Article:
“World War II produced many heroes. One such man was Lieutenant Commander Butch O’Hare. He was a fighter pilot assigned to the aircraft carrier Lexington in the South Pacific. One day his entire squadron was sent on a mission. After he was airborne, he looked at his fuel gauge and realized that someone had forgotten to top off his fuel tank. He would not have enough fuel to complete his mission and get back to his ship. His flight leader told him to return to the carrier. Reluctantly, he dropped out of formation and headed back to the fleet. As he was returning to the mother ship he saw something that turned his blood cold. A squadron of Japanese aircraft were speeding their way toward the American fleet.

“The American fighters were gone on a sortie, and the fleet was defenseless. He couldn’t reach his squadron and bring them back in time to save the fleet. Nor could he warn the fleet of the approaching danger. There was only one thing to do. He must somehow divert them from the fleet. Laying aside all thoughts of personal safety, he dove into the formation of Japanese planes. Wing-mounted 50 calibers blazed as he charged in, attacking one surprised enemy plane and then another. Butch wove in and out of the now broken formation and fired at as many planes as possible until all his ammunition was finally spent. Undaunted, he continued the assault. He dove at the planes, trying to clip a wing or tail in hopes of damaging as many enemy planes as possible and rendering them unfit to fly.

“Finally, the exasperated Japanese squadron took off in another direction. Deeply relieved, Butch O’Hare and his tattered fighter limped back to the carrier. Upon arrival he reported in and related the event surrounding his return.

“The film from the gun-camera mounted on his plane told the tale. It showed the extent of Butch’s daring attempt to protect his fleet. He had in fact destroyed five enemy aircraft.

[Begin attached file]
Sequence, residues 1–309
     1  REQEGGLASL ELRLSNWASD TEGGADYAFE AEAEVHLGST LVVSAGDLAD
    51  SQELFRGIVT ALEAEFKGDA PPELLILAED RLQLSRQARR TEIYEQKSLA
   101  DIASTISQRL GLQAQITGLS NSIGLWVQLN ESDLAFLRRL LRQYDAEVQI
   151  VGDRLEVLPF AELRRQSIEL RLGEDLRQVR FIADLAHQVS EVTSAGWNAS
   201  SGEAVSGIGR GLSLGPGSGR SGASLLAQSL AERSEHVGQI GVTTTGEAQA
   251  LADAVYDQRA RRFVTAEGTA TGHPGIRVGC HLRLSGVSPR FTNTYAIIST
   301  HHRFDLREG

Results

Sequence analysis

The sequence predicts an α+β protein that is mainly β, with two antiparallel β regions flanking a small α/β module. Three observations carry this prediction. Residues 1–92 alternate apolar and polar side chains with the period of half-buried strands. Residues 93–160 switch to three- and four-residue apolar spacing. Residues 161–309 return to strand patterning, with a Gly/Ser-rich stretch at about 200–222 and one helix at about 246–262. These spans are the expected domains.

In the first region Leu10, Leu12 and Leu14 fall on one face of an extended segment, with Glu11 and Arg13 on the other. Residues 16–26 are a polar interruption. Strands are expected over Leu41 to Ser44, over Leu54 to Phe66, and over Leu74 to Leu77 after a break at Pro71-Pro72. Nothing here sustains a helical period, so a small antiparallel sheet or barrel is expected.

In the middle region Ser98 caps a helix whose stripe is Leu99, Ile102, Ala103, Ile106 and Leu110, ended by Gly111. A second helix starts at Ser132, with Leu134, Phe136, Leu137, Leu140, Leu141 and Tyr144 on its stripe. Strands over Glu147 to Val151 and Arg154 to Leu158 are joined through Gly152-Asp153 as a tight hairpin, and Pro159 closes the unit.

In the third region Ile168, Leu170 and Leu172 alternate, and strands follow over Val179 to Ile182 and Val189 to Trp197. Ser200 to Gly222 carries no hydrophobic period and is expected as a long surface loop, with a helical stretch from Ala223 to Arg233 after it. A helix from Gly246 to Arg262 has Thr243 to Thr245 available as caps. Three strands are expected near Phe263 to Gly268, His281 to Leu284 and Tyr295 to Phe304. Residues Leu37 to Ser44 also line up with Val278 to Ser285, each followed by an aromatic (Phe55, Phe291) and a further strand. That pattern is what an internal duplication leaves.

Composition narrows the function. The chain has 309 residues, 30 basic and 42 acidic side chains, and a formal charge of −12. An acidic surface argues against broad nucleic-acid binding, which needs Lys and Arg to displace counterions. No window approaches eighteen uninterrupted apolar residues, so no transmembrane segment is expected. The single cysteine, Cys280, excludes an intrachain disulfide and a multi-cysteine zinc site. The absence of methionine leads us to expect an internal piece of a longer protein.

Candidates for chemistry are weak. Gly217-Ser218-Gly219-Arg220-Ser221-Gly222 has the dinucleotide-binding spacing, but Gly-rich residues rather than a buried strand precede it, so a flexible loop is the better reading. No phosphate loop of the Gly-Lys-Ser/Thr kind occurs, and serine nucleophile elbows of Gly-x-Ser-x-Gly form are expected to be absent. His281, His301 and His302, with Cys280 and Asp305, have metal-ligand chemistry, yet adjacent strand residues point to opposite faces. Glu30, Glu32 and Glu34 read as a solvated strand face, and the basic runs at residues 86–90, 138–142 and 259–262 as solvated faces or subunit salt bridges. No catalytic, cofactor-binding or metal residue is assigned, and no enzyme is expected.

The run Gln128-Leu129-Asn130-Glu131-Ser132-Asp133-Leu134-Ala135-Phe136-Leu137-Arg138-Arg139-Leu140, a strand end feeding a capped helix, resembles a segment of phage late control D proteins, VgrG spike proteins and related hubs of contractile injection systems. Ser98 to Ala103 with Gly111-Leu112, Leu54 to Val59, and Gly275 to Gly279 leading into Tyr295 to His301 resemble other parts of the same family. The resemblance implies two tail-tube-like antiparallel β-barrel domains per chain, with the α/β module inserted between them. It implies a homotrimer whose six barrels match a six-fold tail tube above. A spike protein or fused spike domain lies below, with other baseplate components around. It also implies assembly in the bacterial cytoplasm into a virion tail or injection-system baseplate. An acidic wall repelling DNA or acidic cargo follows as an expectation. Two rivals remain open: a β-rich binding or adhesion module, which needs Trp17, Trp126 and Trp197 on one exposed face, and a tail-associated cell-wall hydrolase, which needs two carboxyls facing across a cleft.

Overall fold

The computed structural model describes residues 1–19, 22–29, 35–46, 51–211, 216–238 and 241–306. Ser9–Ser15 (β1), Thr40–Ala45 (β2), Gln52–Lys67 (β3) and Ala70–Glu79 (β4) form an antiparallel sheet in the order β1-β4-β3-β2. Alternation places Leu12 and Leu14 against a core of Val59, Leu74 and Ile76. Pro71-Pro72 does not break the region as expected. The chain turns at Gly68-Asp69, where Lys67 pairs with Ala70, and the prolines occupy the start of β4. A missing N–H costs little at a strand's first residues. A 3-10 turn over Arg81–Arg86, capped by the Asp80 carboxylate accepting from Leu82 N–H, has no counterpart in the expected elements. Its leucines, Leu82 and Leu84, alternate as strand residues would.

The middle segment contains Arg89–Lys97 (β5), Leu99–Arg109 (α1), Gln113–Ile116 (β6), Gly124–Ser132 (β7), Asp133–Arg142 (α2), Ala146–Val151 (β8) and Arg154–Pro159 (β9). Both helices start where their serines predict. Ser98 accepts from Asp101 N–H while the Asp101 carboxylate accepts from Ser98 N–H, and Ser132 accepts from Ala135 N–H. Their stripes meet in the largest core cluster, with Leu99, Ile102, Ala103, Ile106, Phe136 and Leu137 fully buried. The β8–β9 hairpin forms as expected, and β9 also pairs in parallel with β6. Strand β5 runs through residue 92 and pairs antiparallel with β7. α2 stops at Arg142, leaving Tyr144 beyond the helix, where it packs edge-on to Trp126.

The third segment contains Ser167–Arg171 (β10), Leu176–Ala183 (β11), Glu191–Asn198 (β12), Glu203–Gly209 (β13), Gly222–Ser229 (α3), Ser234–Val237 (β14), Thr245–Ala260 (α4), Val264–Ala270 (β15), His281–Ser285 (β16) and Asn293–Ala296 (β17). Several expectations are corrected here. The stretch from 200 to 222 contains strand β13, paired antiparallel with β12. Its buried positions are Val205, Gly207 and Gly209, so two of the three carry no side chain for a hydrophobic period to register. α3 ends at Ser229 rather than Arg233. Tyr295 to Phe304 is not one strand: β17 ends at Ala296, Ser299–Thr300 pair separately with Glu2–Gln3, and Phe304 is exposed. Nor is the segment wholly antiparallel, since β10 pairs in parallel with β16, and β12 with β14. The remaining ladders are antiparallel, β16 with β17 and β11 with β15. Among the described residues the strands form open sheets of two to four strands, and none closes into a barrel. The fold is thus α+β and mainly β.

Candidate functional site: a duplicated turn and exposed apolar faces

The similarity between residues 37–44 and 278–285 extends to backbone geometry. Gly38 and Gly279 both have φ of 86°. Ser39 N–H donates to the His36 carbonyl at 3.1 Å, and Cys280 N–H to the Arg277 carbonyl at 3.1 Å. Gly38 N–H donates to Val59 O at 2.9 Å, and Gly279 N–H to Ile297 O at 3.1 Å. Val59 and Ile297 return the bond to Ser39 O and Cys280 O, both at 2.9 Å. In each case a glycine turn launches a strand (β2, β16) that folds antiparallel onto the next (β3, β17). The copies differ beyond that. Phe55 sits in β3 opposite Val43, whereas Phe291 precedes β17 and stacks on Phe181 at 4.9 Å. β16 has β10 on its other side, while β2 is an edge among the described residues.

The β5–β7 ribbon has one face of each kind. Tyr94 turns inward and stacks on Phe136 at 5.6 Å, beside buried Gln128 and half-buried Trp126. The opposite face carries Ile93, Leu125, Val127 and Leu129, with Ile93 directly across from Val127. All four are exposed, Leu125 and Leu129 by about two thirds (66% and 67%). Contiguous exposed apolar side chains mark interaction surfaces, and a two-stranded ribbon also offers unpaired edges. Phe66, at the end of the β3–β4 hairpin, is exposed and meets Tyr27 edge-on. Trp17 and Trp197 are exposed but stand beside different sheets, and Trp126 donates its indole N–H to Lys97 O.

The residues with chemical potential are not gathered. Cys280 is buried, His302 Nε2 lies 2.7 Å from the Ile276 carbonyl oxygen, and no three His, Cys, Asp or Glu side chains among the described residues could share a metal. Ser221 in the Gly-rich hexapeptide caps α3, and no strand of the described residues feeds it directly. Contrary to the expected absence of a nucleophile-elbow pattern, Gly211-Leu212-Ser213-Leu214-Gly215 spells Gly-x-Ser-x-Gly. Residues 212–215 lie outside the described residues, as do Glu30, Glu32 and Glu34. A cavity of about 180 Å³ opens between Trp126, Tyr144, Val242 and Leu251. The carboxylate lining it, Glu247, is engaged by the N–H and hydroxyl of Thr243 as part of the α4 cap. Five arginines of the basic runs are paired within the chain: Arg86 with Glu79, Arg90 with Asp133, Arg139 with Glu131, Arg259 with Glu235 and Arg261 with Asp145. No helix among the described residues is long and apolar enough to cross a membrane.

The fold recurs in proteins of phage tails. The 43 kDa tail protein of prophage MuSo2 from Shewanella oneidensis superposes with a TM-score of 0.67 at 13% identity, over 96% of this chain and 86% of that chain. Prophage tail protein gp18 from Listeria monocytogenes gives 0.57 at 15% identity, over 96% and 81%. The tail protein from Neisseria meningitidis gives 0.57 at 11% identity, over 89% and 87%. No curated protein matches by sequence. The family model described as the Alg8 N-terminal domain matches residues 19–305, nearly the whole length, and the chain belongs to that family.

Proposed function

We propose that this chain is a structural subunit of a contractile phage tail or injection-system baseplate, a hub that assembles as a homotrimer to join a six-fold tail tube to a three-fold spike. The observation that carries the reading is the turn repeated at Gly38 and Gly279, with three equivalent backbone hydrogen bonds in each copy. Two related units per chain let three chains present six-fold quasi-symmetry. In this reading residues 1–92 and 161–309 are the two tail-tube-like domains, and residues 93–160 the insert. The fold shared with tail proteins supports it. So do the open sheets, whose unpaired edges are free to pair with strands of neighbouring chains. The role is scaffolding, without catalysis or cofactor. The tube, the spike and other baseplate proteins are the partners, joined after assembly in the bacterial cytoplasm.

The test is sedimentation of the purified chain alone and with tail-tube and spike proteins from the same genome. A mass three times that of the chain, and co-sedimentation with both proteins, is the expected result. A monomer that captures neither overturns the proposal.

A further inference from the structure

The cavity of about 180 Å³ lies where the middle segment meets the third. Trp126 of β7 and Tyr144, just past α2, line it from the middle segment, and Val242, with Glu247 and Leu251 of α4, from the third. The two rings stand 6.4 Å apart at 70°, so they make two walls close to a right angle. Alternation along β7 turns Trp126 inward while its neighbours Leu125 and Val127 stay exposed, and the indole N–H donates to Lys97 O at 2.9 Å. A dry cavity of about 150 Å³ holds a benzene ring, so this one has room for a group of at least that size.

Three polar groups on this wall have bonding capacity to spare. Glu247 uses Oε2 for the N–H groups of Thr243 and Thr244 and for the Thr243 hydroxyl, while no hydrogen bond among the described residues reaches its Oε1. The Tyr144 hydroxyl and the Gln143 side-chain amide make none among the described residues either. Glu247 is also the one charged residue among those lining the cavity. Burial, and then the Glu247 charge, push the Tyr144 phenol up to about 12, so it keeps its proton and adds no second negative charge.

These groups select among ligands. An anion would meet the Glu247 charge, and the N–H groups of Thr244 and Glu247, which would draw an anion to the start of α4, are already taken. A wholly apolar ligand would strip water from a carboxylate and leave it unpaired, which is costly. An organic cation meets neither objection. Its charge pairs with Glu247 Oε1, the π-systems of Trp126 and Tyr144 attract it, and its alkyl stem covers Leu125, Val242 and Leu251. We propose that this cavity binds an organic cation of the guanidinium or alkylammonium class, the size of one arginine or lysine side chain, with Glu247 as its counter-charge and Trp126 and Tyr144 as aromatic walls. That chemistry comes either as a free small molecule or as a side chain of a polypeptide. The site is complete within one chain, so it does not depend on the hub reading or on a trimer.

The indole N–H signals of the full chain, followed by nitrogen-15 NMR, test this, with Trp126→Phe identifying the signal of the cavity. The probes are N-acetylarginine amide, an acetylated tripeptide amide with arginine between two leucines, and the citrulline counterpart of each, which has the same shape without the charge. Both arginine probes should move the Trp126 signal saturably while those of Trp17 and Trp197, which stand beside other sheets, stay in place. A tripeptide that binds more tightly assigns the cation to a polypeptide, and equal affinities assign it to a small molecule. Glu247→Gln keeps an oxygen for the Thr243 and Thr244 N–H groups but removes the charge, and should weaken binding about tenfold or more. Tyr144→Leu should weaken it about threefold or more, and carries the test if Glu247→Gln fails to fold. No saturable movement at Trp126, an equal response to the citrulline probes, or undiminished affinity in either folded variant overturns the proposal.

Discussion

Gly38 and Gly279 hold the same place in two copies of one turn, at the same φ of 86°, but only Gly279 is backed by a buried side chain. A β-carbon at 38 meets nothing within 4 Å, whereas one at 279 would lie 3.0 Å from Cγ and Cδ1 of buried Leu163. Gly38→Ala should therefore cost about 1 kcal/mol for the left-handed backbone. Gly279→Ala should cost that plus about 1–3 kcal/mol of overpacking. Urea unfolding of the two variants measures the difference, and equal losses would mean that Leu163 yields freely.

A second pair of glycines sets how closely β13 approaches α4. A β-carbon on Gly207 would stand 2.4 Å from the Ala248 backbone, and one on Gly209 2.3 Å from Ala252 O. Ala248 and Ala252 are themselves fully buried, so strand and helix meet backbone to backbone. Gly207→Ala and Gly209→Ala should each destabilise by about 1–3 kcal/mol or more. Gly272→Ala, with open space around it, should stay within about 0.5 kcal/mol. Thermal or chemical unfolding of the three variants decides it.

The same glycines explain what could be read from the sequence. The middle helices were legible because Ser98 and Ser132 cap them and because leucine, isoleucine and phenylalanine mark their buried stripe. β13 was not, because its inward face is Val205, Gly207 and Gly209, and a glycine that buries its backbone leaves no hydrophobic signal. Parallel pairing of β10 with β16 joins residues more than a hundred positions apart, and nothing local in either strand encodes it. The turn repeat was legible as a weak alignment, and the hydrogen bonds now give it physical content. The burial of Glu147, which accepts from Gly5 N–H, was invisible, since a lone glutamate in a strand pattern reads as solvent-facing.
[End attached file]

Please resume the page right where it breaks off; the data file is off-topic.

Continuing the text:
“This took place on February 20, 1942, and for that action Butch became the Navy’s first Ace of W.W.II, and the first Naval Aviator to win the Congressional Medal of Honor. A year later Butch was killed in aerial combat. His home town would not allow the memory of this WW II hero to fade, and today, O’Hare Airport in Chicago is named in tribute to the courage of this great man.”[1]

Butch O’Hare was 29 years old when he was killed.

Today we honor my friends who served with distinction, Butch O’Hare, and all those men and women who put on uniforms, placed themselves in harm’s way, and died so that we might have a long weekend that includes a day on which we can grill out with our families, or enjoy ball games, or just relax in a lounge chair on the porch or patio, without having to worry about nuisances like a suicide bomber. A day to remember those who gave their all so that we can assemble here without fear of persecution and worship God in the way we choose.

Freedom is not free. I know that many people just roll their eyes – I’ve seen people do it – when they hear that. They think it’s just a buzz phrase, a cliché, something people just say without putting any real thought behind it.

It’s no cliché, friends. Not at all. It is the truth.